From Pastor Kenny's Desk
December 17, 2017
“Then came one named John, sent as an envoy from God, who came as a witness to testify about the Light, so that through his testimony everyone might believe. He himself wasn’t the Light; he only came to testify about the Light –the true Light that illumines all humankind.
Now the Temple authorities sent emissaries from Jerusalem–priests and Levites–to talk to John. ‘Who are you?’ they asked.
This is John’s testimony: he didn’t refuse to answer, but freely admitted, ‘I am not the Messiah.’ ‘Who are you, then?’ they asked. ‘Elijah?’ ‘No, I am not,’ he answered. ‘Are you the Prophet?’ ‘No,’ he replied.
Finally, they said to him, ‘Who are you? Give us an answer to take back to those who sent us. What do you have to say for yourself?’
John said, ‘I am, as Isaiah prophesied, the voice of someone crying out in the wilderness, ‘Make straight our God’s road!’’
The emissaries were members of the Pharisee sect. They questioned him further: ‘If you’re not the Messiah or Elijah or the Prophet, then why are you baptizing people?’
John said, ‘I baptize with water because among you stands someone whom you do not recognize–the One who is to come after me–the strap of whose sandal I am not worthy even to untie.’
This occurred in Bethany, across the Jordan River, where John was baptizing.” John 1:6-8, 19-28
At first glance of this passage we might ask: Is there some sort of an identity crisis going on here? Last week we met the camel hair wearing, grasshopper and honey eating John the Baptist, this week we do a 180 degree turn around and meet a whole different John.
The John in John's Gospel is never called the Baptist. Rather, this is John the Witness. While he is described as doing some baptizing here and there, a careful read of John's story of Jesus' baptism reveals that John does not baptize Jesus. His primary role is not as one who baptizes but one who testifies to the Light coming into the world, a very human witness to a cosmic event. God is about ordering a new creation, a new presence of light in the world but it necessitates a human to point to its presence, otherwise, human as we are, we might not see it. That human is John.
Smack dab in the middle of an out of this world, beyond time and space beginnings of the Gospel of John is John. Interrupting this cosmic birth story, John is first described as who he is not … he is not the light, but came as a witness to testify to the light. Nor is he Elijah from the Gospel of Mark. When asked the question of Who are you? with I am not the Messiah, I am not Elijah. The questioning of John's identity leads to John's adamant denial of what he is not.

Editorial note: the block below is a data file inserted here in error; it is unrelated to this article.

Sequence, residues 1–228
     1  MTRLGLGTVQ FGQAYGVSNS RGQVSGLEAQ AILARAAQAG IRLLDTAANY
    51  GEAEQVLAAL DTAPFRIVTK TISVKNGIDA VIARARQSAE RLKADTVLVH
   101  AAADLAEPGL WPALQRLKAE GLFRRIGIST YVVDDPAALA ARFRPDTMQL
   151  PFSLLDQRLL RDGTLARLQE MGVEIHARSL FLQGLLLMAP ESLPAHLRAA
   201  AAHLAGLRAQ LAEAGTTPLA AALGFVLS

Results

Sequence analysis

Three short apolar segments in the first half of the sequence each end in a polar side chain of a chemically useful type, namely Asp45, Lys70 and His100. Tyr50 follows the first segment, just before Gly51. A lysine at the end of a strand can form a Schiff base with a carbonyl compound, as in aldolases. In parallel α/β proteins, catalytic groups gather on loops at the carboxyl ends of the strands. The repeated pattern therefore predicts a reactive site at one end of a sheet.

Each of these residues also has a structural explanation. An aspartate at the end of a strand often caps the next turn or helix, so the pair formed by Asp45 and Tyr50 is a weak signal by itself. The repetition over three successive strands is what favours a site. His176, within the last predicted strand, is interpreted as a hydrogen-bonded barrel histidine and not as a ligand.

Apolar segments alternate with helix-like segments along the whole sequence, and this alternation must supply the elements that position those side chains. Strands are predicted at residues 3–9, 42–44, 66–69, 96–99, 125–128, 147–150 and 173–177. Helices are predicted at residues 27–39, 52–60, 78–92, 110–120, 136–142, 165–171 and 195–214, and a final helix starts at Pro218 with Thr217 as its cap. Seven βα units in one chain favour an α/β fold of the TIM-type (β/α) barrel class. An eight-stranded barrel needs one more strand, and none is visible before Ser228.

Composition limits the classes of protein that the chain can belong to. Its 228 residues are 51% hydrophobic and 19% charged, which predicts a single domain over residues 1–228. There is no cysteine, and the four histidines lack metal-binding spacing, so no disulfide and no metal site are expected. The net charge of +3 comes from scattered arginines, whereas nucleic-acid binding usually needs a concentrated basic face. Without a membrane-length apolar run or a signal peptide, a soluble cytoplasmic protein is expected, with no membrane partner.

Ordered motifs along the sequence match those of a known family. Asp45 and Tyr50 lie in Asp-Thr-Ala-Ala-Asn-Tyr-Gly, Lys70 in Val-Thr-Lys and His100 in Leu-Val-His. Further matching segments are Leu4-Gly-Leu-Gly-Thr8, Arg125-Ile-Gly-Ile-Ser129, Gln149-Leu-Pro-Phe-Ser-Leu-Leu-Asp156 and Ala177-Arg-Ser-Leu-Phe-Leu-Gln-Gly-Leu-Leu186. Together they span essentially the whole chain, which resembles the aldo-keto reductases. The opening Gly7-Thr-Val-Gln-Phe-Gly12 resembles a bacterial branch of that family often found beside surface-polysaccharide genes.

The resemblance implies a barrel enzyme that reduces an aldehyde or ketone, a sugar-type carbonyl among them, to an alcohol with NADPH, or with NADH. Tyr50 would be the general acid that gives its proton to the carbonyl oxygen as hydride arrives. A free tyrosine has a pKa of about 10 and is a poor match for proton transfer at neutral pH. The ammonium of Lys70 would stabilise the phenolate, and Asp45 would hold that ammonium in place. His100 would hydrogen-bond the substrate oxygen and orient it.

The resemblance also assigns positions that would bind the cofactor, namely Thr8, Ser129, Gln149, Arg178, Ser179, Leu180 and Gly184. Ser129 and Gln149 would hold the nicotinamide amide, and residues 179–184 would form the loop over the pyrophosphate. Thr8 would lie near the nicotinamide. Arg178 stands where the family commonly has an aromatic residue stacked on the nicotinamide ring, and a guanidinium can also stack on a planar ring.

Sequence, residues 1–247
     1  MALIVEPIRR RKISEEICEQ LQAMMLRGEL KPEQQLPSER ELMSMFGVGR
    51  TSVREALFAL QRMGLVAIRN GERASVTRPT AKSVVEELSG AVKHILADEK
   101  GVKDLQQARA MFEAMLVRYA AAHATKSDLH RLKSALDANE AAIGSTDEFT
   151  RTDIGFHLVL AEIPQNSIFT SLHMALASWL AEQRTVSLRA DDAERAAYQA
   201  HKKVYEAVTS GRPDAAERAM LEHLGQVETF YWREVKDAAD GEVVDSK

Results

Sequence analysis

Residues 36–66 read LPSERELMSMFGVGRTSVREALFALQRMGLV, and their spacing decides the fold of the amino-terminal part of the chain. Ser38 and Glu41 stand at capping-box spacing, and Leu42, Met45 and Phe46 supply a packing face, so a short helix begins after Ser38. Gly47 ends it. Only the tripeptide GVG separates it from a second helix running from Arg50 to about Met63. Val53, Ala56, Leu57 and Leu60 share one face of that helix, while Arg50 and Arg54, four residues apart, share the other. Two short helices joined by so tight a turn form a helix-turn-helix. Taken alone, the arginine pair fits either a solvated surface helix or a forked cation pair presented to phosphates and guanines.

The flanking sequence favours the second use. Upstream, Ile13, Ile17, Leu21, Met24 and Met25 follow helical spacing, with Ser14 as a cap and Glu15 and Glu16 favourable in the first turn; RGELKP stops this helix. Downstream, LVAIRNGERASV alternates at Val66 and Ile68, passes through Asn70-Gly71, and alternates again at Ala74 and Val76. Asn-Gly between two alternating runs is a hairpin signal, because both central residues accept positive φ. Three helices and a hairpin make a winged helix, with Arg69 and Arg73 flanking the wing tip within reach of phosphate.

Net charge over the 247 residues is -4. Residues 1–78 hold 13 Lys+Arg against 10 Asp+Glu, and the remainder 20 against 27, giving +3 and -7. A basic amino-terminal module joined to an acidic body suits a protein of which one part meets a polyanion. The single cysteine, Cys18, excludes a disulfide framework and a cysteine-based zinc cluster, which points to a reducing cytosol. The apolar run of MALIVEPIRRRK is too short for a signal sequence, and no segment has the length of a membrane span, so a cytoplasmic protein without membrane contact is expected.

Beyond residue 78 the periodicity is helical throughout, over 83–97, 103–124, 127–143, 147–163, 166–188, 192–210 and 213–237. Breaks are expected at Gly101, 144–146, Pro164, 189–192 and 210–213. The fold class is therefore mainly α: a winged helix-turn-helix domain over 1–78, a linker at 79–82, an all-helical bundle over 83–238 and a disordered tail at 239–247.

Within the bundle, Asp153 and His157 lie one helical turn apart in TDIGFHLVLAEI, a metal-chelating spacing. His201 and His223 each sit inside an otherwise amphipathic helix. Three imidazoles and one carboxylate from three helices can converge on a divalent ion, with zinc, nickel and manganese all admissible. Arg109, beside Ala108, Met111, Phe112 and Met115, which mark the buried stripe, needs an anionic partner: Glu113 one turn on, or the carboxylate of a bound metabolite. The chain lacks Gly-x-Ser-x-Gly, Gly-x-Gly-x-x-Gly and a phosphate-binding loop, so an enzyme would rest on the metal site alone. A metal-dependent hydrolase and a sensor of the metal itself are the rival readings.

He knows nothing but to articulate his identity in connection to Jesus' identity. I wonder … can we make similar claims about our purpose? Can we respond to who are you? with the same indivisibility with God and all that God wants us to be? Can we locate our identity as intimately with Jesus? Can we, as individuals and as a community, see God within us … just the way we are … and at the same time truly believe we are worthy of God’s many gifts of love?
This story of John the Witness also calls attention to a fundamental acknowledgement of the presence and reality of Jesus … The light shines in the darkness and the darkness does not overcome it. What difference does it make to imagine that a first testimony of God becoming human is light in the darkness? This is extraordinarily hard for us to comprehend when light is taken for granted on a daily, minute by minute, basis. What does it mean to testify to the light?
Do we imagine ourselves as witnesses to the light as an expression of God's presence in the world? Do we think of ourselves as witnesses to the light which shines in the darkness?
Further, can we imagine that our welcome of Jesus might be where and how we can shine the light of God's presence into the vulnerability of our fear, pain and difficulties or perhaps bringing hope and justice to the oppressed, comforting the brokenhearted, seeking freedom and help for those who are persecuted and marginalized within our society, and fighting for freedom for those held captive to the realities of stigma and injustice.
John the Witness reminds us of the importance of pointing to even the tiniest light and saying Look, behold, the Promised One, the Light of the world! During this season of Advent waiting and claiming the promises of God, what does it mean to engage in active, life-changing waiting?
Maybe, it’s simply adjusting our eyes to see light, for ourselves and others, when there seems to be none. God calls us to be witnesses like John who point to Jesus and say Look! so that all might know God's promises … the transforming gifts of hope, peace, joy, love and so much more. Perhaps pointing and saying, Look! is our witness to the loving God who is born among us.
Click here and listen to the inspirational song "We Are Waiting."